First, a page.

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h haley they seem to be going different directions. >> typically certainty from foreign policy comes from the top. right now we have a president who largely is governing by instinct foreign policy wide. i think tillerson is a thoughtful individual when it comes to decision making and he's not likely to put the u.s. on the record in favor of the regime change unless he's sure that he's the question he's getting from the other top. haley has heard something differently or less concerned on making a decision on behalf of the president. it's truly rare, especially on the issue that severe cut as to whether the of big boogie man for foreign policy should be removed or not. >> generally, about mr. trump's foreign policy week. and the strike in syria, which was the most notable on that
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end. what have you learned about this administration's foreign policy and handling of foreign policy. >> i think the most fascinating we've seen this week is how normal trump's foreign policy has been these past few days relative to the first few weeks and months of the administration. his administration started off a foreign policy rollercoaster from the statements on taiwan, china, to statements by rex tillerson on potentially going to war to the sea to any number of the issues. the last week or so, it seems mcmaster and some of the sort steady foreign policy have taken control of the administration. it will be interesting to see if that stays or whether there will be another shift towards folks like bannon starting to get some power back. >> when you have a president who has never governed before who is not familiar with foreign policy, there's always some concern at the beginning of the
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term to how the president will adjust to that. has he raised some of the concerns for you who has expressed criticism in the past? >> i don't think he's erased all of those concerns by a long shot. i think tillerson and haley. when you have an president who is experienced in foreign policy, which many are, you hope they're going to staff their upper echelons with steady foreign policy hands. secretary of state tillerson and haley both have zero foreign policy, as well. he could have picked those of us on this show we have all opinions and tillerson, none of us have been in the foreign policy before. so i'm not assuaged. that being said, so far the greatest fears of the first few weeks when we were seeing travel ban and chaos at the airports seem to have died down.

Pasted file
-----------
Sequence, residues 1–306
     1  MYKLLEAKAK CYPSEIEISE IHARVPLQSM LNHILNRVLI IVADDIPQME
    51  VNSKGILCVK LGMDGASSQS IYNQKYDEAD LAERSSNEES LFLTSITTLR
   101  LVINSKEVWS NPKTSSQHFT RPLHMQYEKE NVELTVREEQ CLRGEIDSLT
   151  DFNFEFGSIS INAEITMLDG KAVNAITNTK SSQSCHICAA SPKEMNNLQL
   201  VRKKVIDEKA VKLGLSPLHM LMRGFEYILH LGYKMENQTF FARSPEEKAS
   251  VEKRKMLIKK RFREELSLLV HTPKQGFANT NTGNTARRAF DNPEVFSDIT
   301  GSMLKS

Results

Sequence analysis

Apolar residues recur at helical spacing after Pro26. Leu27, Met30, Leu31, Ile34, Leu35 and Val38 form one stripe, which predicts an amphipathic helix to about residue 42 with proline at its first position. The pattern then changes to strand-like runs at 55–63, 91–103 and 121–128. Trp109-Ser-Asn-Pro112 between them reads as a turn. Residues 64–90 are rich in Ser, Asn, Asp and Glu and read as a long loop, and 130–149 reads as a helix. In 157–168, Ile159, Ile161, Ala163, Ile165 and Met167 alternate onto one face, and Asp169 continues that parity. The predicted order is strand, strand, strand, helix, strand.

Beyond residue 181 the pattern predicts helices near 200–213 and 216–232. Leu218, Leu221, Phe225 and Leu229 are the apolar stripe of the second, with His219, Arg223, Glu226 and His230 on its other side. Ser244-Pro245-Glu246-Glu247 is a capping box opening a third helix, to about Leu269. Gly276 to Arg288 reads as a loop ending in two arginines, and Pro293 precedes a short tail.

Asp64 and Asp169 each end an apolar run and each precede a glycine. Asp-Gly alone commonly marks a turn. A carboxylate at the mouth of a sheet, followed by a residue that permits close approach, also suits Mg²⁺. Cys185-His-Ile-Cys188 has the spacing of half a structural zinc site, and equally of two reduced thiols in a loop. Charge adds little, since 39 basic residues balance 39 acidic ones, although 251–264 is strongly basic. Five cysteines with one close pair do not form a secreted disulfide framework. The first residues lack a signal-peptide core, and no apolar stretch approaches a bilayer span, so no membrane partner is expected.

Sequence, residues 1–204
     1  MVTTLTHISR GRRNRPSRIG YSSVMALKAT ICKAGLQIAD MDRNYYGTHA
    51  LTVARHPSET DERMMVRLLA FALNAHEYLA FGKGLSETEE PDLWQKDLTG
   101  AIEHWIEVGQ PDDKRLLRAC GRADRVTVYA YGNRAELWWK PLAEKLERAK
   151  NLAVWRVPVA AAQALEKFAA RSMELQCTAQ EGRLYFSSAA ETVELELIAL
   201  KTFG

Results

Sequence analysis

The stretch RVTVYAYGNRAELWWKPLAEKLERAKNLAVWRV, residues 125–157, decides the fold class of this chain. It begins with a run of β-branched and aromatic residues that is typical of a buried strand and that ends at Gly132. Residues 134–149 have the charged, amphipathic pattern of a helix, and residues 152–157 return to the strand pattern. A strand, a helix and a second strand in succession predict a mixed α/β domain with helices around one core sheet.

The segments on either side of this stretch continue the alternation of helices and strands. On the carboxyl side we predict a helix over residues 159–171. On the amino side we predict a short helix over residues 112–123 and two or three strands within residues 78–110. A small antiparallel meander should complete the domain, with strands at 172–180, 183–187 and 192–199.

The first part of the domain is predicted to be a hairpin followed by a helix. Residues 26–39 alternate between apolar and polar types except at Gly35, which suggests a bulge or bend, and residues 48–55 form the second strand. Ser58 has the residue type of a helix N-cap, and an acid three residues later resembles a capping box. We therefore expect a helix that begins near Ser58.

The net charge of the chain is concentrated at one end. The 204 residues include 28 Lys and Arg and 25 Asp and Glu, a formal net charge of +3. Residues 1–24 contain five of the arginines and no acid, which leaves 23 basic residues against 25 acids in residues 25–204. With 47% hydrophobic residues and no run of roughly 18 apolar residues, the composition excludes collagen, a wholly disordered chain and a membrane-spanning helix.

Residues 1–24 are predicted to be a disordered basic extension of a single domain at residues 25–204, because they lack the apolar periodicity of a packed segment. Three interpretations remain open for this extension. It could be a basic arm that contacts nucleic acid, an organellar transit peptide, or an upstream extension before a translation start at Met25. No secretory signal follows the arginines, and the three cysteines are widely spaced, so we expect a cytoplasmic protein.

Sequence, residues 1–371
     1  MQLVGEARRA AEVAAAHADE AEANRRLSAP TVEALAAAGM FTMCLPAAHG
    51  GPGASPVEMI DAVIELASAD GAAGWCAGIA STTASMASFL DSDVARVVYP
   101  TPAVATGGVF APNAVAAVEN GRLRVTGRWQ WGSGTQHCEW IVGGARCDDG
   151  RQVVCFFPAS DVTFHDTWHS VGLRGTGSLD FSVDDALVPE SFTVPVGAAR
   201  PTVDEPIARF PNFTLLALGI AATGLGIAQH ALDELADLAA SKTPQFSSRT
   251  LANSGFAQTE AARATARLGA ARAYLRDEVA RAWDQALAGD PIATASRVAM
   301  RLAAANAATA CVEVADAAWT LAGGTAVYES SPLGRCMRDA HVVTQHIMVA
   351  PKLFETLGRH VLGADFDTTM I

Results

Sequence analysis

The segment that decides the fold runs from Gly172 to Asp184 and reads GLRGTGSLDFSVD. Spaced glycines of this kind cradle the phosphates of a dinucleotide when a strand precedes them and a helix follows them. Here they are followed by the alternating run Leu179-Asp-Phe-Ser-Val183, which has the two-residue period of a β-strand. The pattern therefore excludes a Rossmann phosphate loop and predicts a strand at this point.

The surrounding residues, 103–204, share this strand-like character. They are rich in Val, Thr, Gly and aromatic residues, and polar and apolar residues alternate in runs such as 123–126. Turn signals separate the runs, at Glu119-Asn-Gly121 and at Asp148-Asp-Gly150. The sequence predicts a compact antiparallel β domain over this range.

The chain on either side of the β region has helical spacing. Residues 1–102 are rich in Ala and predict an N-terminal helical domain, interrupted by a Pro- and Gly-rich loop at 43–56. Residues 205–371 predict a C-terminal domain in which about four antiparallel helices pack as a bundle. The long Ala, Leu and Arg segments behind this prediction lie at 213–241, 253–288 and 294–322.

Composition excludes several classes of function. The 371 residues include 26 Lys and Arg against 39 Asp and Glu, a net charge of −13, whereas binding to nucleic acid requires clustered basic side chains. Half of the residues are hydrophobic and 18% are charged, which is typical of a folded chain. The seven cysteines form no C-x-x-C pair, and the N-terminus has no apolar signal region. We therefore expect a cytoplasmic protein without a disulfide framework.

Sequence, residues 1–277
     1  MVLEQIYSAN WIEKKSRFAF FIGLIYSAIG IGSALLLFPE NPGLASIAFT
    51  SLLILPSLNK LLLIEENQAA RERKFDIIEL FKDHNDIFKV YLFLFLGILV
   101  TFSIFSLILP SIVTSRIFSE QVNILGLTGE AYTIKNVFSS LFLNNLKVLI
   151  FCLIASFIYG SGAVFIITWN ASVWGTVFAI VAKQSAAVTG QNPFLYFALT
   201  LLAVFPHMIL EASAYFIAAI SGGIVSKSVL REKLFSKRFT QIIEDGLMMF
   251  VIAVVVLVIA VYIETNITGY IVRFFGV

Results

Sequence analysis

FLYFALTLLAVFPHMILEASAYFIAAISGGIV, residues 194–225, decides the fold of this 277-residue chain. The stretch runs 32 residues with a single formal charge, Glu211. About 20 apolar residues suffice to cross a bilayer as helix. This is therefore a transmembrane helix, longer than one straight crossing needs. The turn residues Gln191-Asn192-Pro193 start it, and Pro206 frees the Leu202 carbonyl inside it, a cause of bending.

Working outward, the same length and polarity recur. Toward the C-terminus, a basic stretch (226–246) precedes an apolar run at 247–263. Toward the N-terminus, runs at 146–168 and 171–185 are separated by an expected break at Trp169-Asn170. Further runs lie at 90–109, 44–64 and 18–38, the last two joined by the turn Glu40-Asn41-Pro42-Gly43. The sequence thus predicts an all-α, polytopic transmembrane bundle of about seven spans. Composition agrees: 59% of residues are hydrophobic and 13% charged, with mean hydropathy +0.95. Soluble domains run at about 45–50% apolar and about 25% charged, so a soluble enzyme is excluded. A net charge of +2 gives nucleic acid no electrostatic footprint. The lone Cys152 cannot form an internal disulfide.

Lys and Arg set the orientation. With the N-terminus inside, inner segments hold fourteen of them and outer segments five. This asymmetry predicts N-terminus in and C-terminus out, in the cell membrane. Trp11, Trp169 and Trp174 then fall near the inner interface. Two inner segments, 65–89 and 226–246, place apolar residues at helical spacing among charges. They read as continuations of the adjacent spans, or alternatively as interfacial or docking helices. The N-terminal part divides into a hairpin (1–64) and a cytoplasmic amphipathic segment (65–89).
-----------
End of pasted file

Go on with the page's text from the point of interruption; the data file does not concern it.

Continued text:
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>> let me ask the question deferently, was this week a net win for him, politically? >> politically, i hate to say it, but, yes. when you go and invade -- this is not invasion, when you go and send missiles to a hostile power that people feel your predecessor should have punished for chemical weapons. it's perfect follow through that trump has made the whole way along. he's doing to respond to red lines and syria, the way -- i expect his popularity to pick up a few points. i think that being said likely to polarize for there to be a huge slaying. >> would you agree that it's something where he has improved on the obama administration and failed enforce his own red line. >> i think it's hard to compare apples to apples on this. in some ways we have learned from the past and i think that
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any president in this situation, given this set of options, probably would have now made this decision based on the fact that the red line was not effective. that being said, absolutely. i have repeatedly said that i believe that not following through on the red looin was the obama administration's worst mistake either domestic or foreign. >> thank you so much for coming on the show. it was a pleasure to have you. >> thanks for having me. the u.s. is building up pressure on north korea. america warships are being redeployed to the korean peninsula. >> after the break, we'll see how he's responding and how a top chinese company is bringing thousands of jobs to the american rust belt. stay with us. ♪ "the birds and the bees" by dean martin ♪